The day had left a bitter, anxious taste in my mouth, mingling with the whisky. Despite being let go, I felt sorrier for John than myself. After a few drinks in the cluttered back room I had left him there, still drinking, and begun cycling home. It was a truly miserable night but the heavy rain felt refreshing as I sang along with Brian Wilson, weaving down the wet streets. John’s business was getting bleaker by the day, and we both knew where it was headed. Nobody wanted old cameras anymore, and I felt ashamed to be also falling into that widening digital bracket. A block or so from my flat, making an unintended swerve, my bike began to slide toward the side of the road. ‘No, no, no…’ I willed out loud.
The headphones slipped from my ears and the reality of the impending crash struck me. Turning the handle bars desperately to and fro the skidding bike hit the curb. My torso contorting one way, and the bicycle falling the other, I let out a cry of despair. Laying on the deserted street with my heart pounding, I untangled myself and pushed the bike away. The rain now felt claustrophobic, rather than exhilarating. Managing to sit, I checked my body for damages and began to think of my lost job. Both hands felt numb and the left side of my face like I’d ripped it off. While I tried to un-pop my ears, water seeped down my back.
After heaving my bike perilously to the top floor of my building, I was at last safely home. ‘Hullo?’ I called hopefully from the hall. But nobody was in, I already knew from the double locked door. I got undressed, dried myself off and put on some clean clothes. After cranking up the central heating I attended to my bruised face, gave my hands a rough bandaging and padded to the kitchen to drink some whisky.
Now dry, I retrieved the camera John had pressed on me with the apology, ‘A just don’t have any money to spare, Stan. Maybe you could sell some photies.’ Worried about the crash and any water damage, I checked it over and dried it off. It seemed to work fine, which was a relief; the camera being a handsome old chrome Leica. I’ll test it out later tonight, I thought.
Feeling sore and faint with hunger, I couldn’t face braving the weather again for food. Deciding to make something quick and fridge-based, I began rummaging. As a foundation, fried pasta sounded appealing. After putting on a pot to boil I went to the fridge, glancing affectionately at the camera as I passed. Pulling out a box of cherry tomatoes, a brown package of bacon left over from that morning, some broccoli and a red pepper hiding in the vegetable drawer, I started to convince myself things could be worse. As the flat heated up the windows began to fog over and the rain could only be heard. I turned on the radio to listen to the news and clumsily chopped some garlic with my bandaged hands. Changing my mind I pulled out a CD – Cake, Fashion Nugget – and sang along with the first song. Adding the garlic and some chopped bacon to a deep frying pan, the first ingredients writhed in the oil. Watching this and popping pine nuts into my mouth my hopes were again bolstered.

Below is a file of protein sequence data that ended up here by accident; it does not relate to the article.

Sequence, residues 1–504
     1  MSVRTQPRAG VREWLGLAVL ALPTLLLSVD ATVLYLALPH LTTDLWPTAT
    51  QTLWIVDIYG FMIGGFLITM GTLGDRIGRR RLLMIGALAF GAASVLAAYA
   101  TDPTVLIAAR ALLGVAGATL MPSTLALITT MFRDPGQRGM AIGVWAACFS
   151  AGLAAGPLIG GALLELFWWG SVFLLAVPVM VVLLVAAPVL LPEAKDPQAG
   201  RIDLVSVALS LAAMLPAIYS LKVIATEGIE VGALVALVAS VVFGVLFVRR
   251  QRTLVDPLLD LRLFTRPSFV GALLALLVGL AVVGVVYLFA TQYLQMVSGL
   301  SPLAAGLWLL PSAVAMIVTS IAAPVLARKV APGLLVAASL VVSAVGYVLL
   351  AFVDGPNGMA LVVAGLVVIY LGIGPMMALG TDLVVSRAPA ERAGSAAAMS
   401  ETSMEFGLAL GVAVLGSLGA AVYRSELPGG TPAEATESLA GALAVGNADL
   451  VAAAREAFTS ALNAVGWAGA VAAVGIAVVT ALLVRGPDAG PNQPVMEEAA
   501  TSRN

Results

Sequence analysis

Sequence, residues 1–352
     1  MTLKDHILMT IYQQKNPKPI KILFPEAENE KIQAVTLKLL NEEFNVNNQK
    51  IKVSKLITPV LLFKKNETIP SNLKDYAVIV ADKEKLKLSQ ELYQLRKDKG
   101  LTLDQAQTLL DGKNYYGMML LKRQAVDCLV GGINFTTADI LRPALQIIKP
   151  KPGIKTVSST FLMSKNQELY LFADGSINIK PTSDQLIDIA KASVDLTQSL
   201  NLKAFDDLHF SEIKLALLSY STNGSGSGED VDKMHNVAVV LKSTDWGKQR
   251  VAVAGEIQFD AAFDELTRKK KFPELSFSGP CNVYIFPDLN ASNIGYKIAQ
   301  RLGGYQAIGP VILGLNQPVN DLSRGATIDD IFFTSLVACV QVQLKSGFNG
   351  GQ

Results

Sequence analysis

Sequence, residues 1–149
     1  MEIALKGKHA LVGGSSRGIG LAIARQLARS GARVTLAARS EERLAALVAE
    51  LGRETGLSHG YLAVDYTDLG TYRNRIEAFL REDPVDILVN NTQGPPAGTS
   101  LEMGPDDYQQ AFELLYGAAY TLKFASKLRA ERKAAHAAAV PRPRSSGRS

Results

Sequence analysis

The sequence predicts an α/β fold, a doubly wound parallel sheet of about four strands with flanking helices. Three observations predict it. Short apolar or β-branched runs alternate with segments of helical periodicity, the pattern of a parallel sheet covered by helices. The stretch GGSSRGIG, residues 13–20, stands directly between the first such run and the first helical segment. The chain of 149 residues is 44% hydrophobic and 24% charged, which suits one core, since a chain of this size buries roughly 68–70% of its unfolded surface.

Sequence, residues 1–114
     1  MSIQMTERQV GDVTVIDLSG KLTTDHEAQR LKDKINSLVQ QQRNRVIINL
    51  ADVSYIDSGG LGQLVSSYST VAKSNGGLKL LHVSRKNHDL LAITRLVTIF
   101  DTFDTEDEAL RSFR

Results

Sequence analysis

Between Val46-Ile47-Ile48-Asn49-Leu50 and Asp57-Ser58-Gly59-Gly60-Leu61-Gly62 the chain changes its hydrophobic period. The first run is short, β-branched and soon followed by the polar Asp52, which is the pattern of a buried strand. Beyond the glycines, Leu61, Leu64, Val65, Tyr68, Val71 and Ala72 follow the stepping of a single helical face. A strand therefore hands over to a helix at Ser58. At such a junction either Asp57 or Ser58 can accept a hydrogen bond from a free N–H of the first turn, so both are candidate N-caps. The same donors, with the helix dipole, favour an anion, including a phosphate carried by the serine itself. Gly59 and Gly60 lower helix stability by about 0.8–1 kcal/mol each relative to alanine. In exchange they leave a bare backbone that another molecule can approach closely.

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Here’s what you need:
- One red pepper
- A red onion
- About 6 rashers of thin, free range back bacon
- A very large handful of pine nuts (plus another handful for your mouth)
- Cherry tomatoes, or baby plum (whichever you prefer)
- About 400g of fusilli pasta
- Most of a medium sized head of broccoli
- Two cloves of garlic
- Ground black pepper
- Olive oil
Put a deep frying pan or shallow pot on the heat and add a slosh of oil.
Then start chopping garlic as small as you can.
When the oil’s heated up, grab a pair of scissors and cut the bacon into the pan.
Chop the broccoli, red pepper and onion fairly small (bearing in mind broccoli shrinks, so chop more than you think you’d need).
Once the bacon looks irresistible add in the garlic, broccoli, peppers and onion (instinctually, I like to add the garlic and onion a few minutes before the rest, but I’m not sure there’s even a reason).
At around this point, or a bit before, put on a pot of pasta.
Stir the contents of the frying pan regularly, although this is more essential when it’s only bacon sizzling.
After a few more minutes add the pine nuts.
When the pasta’s done, drain it, mix in some ground black pepper and leave it till all the veg is nicely cooked. Then add the pasta to the pan until the ingredient-pasta balance looks about right.
Stir the contents around and let them fry for a minute or two.
Throw in the tomatoes and stir gently from now on, so as not to burst them.
Once the tomatoes are piping hot and the pasta’s taken on a new colour, it’s ready to eat.
This meal is one of my favourites – has hardly any ingredients and can be made in about twenty minutes. Fifteen, if you’re well practiced. The nuts and bacon go so well together, adding a salty element; while the broccoli complements the succulence of the red pepper. And then, if that wasn’t good enough, the punches of juice from those little, devilish tomatoes. Who knew something so small could conceal so much flavour!
After the meal I laid out on the living room couch, feeling almost as good as new. Now that I was full and had a delicious taste lingering on my tongue, my injuries took on a raw, satisfied feeling; the sense that I had worked for them, like the ache from labour. As the food mended the pains, I had another helping of whisky. Maybe things would be genuinely okay.